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Interrogating differences: A comparative analysis of Africa's informal settlements

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journal contribution
posted on 17.08.2021, 04:02 by Z Kovacic, JK Musango, LA Ambole, K Buyana, S Smit, C Anditi, B Mwau, M Ogot, S Lwasa, Alan BrentAlan Brent, G Nsangi, H Sseviiri
Urban development in Africa is a very diverse and ambivalent phenomenon with aspects that do not fall neatly into global standards. Informal settlements therefore challenge governance by standards. We argue that quantifying and interrogating differences offers a better basis for governance. By drawing on a comparative analysis of three different informal settlements in Sub-Saharan Africa, this paper explores what differences reveal about the governance of informal settlements. The paper uses an urban societal metabolism approach, focussed on gender, energy and health, based on questionnaires and focus group discussions in Enkanini (Stellenbosch, South Africa), Mathare (Nairobi, Kenya), and Kasubi-Kawaala (Kampala, Uganda). The contribution of the paper is both empirical and theoretical. Empirically, we provide new evidence about the metabolism of urban informality at multiple levels of analysis: the individual, the household and the settlement. Findings show the gender asymmetries in urban poverty and the intricate links between energy choices, health and economic status. Theoretically, we argue that different levels of analysis produce different understandings of urban informality, and that analyzing informal settlements only by population aggregates means missing information. We conclude by arguing that understanding differences leads to the formulation of modest and localised goals, which are better able to take into account the complexity of urban informality.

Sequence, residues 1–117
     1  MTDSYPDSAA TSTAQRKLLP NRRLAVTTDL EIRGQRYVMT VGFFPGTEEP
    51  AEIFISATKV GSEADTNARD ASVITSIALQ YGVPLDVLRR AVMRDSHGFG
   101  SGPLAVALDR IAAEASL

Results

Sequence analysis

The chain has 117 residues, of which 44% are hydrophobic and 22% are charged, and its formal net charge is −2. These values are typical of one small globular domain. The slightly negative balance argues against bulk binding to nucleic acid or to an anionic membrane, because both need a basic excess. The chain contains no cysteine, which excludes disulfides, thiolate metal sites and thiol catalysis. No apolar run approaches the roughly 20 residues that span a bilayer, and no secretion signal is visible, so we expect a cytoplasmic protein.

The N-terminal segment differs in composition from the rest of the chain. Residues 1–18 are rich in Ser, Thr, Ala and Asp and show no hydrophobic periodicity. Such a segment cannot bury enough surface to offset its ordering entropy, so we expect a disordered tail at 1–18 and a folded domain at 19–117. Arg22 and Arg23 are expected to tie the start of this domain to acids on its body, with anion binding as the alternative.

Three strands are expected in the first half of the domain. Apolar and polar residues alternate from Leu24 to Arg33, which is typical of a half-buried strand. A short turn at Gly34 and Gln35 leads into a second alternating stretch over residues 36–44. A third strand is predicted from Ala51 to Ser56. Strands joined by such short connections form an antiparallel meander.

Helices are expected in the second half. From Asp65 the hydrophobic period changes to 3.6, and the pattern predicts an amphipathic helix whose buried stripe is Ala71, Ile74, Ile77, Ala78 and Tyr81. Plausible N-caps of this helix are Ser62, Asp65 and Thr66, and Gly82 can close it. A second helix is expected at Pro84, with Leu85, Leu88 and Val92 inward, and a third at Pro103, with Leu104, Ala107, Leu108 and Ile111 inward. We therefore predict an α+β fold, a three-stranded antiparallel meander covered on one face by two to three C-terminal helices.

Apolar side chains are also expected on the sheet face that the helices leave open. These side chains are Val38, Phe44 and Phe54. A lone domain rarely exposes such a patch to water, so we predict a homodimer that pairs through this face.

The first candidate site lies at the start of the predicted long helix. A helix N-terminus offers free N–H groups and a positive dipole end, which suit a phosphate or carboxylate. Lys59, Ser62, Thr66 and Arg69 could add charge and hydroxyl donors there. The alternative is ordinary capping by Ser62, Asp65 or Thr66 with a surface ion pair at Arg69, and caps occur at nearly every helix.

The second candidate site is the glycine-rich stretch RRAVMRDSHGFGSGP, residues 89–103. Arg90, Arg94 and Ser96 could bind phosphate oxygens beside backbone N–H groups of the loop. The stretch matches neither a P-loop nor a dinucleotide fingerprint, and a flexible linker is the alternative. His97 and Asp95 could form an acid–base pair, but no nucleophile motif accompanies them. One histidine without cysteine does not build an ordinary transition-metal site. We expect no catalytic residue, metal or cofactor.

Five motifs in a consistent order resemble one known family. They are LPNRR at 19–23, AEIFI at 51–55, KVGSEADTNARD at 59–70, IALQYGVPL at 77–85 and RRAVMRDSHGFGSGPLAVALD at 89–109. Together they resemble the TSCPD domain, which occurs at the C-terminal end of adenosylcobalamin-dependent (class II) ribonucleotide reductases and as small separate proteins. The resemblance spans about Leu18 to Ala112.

Preferred citation

Kovacic, Z., Musango, J. K., Ambole, L. A., Buyana, K., Smit, S., Anditi, C., Mwau, B., Ogot, M., Lwasa, S., Brent, A. C., Nsangi, G. & Sseviiri, H. (2019). Interrogating differences: A comparative analysis of Africa's informal settlements. World Development, 122, 614-627. https://doi.org/10.1016/j.worlddev.2019.06.026

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World Development



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Elsevier BV

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